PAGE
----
Take mini preps for example, everyone does a ton but automated equipment is rare and underwhelming. At least in academia, there isn't a financial motivation. Researchers' jobs are doing research, not running a profitable enterprise. There is also a pyramid scheme of free labour, where the repetitive work gets unloaded on students. I still think that improved equipment would get more work done, but I don't think it will be adopted quickly.
Another big problem is that the equipment isn't very good, especially compared to what it could be. Pliers, for example are basically perfect. The people who use pliers are the people who make them, course 2 types. There isn't much of a barrier to entry either, there are about 3 parts to a pair of pliers, if there was an improvement, someone would have made it. The basic pair at this point is exactly hat it is supposed to be.
Every square millimetre has a purpose, and they cost next to nothing. I could list some features, but I think the easiest thing to do to prove my point is show that no improvement of any substance exists. All of the "advanced" models are pretty much stylistically different. Here is a representative sample of fancy pliers:
The sexist "girls don't know tools but like pink", "we need a way to sell someone all the tools they already have, and we're only getting away with this once", "This one has holes in it to make it more aerodynamic, and the colours make it work better too, its definitely worth more."
A qPCR machine, on the other hand, is far from perfect. Most people who use these machines don't make machines. Most biologists probably don't know how to build these types of machines. Even if you can see an improvement, the barrier to getting that out into the world is pretty high. It certainly would interfere with doing whatever biology you were doing before. People also don't have the motivation to improve machines, they get one and keep it. Something that also could use some improvement is cost. Its pretty hard to get started in biology. Back in high school, there was basically nothing I could do. A lot of these machines are designed and sold to well funded labs. There isn't a store for garage workshop biology tools.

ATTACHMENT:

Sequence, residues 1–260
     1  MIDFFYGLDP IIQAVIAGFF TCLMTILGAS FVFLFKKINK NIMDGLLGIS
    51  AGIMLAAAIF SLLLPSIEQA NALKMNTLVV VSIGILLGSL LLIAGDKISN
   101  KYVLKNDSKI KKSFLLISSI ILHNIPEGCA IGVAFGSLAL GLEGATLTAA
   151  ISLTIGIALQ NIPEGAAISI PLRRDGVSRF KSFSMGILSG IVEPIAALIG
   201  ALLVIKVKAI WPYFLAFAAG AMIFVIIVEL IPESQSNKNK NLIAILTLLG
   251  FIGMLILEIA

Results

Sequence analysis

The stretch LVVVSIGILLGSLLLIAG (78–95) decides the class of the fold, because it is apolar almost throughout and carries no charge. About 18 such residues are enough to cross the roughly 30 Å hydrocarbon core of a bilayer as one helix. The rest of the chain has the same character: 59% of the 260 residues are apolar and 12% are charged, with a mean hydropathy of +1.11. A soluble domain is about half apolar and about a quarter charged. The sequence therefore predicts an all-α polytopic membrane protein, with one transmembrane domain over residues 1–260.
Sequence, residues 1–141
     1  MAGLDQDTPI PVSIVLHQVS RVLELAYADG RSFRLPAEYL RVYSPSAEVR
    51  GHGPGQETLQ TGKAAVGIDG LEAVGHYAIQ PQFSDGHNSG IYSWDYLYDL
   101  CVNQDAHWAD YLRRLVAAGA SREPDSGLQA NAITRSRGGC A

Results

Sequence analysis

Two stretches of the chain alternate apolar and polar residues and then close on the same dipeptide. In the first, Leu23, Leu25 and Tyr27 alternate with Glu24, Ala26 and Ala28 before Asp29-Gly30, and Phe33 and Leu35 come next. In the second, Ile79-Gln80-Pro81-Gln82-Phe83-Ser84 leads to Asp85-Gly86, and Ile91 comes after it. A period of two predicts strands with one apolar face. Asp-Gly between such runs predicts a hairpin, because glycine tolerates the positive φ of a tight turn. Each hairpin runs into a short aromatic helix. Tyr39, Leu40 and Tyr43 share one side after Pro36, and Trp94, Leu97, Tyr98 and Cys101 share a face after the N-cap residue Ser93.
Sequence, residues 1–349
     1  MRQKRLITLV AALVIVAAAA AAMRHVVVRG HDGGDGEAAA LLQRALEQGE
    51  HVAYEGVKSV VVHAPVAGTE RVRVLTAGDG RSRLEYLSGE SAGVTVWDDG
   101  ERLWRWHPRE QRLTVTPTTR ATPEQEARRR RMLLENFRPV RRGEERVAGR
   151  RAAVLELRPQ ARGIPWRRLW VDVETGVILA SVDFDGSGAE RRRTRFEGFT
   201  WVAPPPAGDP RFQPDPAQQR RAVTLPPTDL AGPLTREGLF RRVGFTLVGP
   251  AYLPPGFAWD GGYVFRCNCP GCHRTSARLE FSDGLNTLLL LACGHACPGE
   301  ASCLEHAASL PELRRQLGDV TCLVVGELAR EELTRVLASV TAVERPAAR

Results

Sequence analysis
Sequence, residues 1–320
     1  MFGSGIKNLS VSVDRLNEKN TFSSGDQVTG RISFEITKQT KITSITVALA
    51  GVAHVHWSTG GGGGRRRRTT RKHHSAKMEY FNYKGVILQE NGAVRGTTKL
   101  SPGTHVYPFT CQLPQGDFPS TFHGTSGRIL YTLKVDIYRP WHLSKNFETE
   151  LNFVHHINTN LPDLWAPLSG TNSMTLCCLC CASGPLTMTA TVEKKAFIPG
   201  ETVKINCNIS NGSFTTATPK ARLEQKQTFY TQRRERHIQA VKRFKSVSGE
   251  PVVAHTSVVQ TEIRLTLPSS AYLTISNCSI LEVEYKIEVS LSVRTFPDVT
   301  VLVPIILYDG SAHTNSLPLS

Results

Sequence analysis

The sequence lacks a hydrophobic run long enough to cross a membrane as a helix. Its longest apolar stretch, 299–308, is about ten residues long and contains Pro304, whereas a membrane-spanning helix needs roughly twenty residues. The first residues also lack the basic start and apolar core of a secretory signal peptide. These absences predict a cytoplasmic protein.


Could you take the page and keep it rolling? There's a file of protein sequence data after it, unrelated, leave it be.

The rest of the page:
One example of when I got more biology done when I wasn't doing biology was replacing my labs vacuum manifold last summer. We used it for doing midi preps, which are like minipreps but bigger. Basically a lot of the spin steps are replaced with sucking the fluid out of the bottom of the column with a vacuum. You can also do minipreps on it in large batches. You line up 24 of them and do all of the wash steps as fast as you can add the reagents, no loading/unloading and no spin time. The manifold we had had some problems. The hose connection was broken so you had to hold the tube in by hand, and the other end leaked the waste out so you had to tip it up. It also had some poorly executed features. It held the vacuum tube by the outside (I've never seen that before), and it held 1.5 inches of sludge in it (so you could pour it out, but it needed a vacuum flask anyway so why bother). Worst of all, it costs $280 to buy a new one, when what you are buying is a pipe with holes in it. So one day I snapped, bought some pipe fittings, and drilled some holes in it. It cost me $5 (of parts I used, there was leftovers), and took just one day (and most of that was waiting for the T). I didn't include any of the old design flaws either, and added added 50% more capacity while I was at it. I'm pretty sure that I've saved people more than 5 hours of time in my lab alone, and I've published a guide on duplicating my work. Given that, its been the case that on at least one day I did more course 20 work pretending to be a course 2.